Is war with Iran inevitable, even imminent? Or is peace at hand?
From the public diplomacy of the administration, either conclusion may be reached. Consider.
"West Offers Iran 'Refreshed' Deal," ran the headline in the May 3 Washington Times. The story described an offer to Iran, agreed to by all five members of the Security Council -- the United States, Britain, France, Russia and China -- of a sweetened grand bargain, if Tehran will suspend its enrichment of uranium.
Blessing the offering in London was Condi Rice.
Details will not be made public, but the offer is said to include Western aid to Iran for a civilian nuclear program, a light water reactor and a five-year stock of enriched uranium held for Iran by the International Atomic Energy Agency.
America's contribution would be support for Iran's admission to the World Trade Organization, a conference to discuss regional security in the Gulf, a U.S. offer to sell Iran spare parts for its U.S.-built civilian aircraft and a beginning of the lifting of three decades of U.S. sanctions.
News of this offer, plus the relaxed mood in Washington, which is utterly unlike the tense atmosphere prior to March 2003, suggests that war with Iran is far from the mind of this city.
But to take the warnings and threats of the civilian and military leaders of this administration at face value would lead one to conclude the opposite -- that war with Iran is indeed inevitable, and probably soon. Consider.
Last month, Gen. David Petraeus was asked by Joe Lieberman, "Is it fair to say that the Iranian-backed special groups in Iraq are responsible for the murder of hundreds of American soldiers and thousands of Iraqi soldiers and civilians?"
"It certainly is. ... That is correct," answered the general.
The next day, Petraeus testified, "Unchecked, the 'special groups' pose the greatest long-term threat to the viability of a democratic Iraq."
Petraeus has since been promoted to command of all U.S. forces in the region.
Secretary of Defense Robert Gates, known as an opponent of war on Iran, followed Petraeus, accusing Tehran of being "hell-bent on acquiring nuclear weapons." Last week, Gates was out front again. "What the Iranians are doing is killing American servicemen and -women inside Iraq."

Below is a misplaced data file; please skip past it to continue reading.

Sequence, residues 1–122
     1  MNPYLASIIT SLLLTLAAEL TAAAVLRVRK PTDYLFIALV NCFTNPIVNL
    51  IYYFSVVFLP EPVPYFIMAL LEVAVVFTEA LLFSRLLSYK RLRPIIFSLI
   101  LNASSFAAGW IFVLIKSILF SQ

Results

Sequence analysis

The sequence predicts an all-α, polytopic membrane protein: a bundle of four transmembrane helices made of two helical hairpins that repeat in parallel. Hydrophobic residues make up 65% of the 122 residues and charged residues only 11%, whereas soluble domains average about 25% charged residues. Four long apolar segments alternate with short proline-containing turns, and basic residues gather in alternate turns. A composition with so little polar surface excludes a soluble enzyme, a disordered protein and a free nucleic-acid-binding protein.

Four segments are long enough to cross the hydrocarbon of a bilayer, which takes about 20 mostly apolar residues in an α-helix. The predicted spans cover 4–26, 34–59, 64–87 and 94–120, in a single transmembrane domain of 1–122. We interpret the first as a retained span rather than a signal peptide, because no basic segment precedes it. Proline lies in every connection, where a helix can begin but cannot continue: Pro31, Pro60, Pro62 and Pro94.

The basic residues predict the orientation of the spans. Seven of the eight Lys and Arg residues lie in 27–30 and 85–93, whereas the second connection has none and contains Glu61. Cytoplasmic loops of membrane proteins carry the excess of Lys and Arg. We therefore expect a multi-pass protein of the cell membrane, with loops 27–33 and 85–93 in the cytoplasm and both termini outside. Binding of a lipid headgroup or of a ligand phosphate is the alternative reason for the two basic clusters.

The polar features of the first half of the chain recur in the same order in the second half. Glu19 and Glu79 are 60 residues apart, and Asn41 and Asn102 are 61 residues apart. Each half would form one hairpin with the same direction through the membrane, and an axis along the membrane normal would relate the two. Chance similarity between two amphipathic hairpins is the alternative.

Adm. Michael Mullen, chairman of the Joint Chiefs, is now also pounding the war drum. Iran's "irresponsible influence," its support of terror and its pursuit of atomic weapons, he said last week, is creating a "perfect nightmare" for the region. The Pentagon, said the chairman, is planning for "potential military ... action" because of Iran's "increasingly lethal and malign influence."
"It would be a mistake to think that we are out of combat capacity," Mullen declared. A second U.S. carrier just entered the Persian Gulf.
CBS reports that a target list of U.S. military planners includes the headquarters of the Quds Force and plants where Iran produces enhanced IEDs and the rockets used against the Green Zone. The network also reports that the State Department has begun drafting an ultimatum.
U.S. Ambassador to the United Nations Zalmal Khalilzad has chimed in: "Iran and Syria must stop the flow of weapons and foreign fighters into Iraq, and their malign interference in Iraq."
Iraqi Maj. Gen. Qasim Atta says 700 rockets and mortars have been fired at Coalition forces and the Green Zone, and most of the "Katyusha and Grad rockets and smart roadside bombs" were Iranian-made. The U.S. military is preparing a dossier on Iran's role in the Iraq war.
In the Landon Lecture at Kansas State, CIA Director Michael Hayden declared, "It ... is the policy of the Iranian government, approved to the highest level ... to facilitate the killing of Americans in Iraq." That day, State designated Iran the "most significant" and "most active" state sponsor of terror on earth.
From the White House to State to the Pentagon to CIA, the Bush administration is now singing from the same song sheet: Iran's Quds Force, with the knowledge of President Ahmadinejad, is arming and directing "special groups" to kill U.S. soldiers and prevent a U.S. victory.
Is the White House rattling sabers to prod Iran into talks?
Perhaps. But the administration has also painted itself, and us, into a corner with the war talk. And there are only three ways out.
The first is that Iran halts the attacks, ends its intervention and negotiates on the six-nation offer. The second is that Iran rejects the deal, refuses to stop the attacks and U.S. air strikes begin.
The third is that Bush is bluffing and goes home railing against an axis-of-evil nation killing American soldiers, having done nothing.
With Israel, the Israeli lobby, the neocons and Dick Cheney insisting on air strikes, and even Hillary Clinton talking about Iran being "obliterated," the last course would seem the least probable.
We are likely headed either for negotiations with Iran or war, after Bush returns from the 60th anniversary celebration of Israel's birth.
"To jaw-jaw is always better than to war-war," said Winston Churchill in 1954, whose career often contradicted his wise counsel.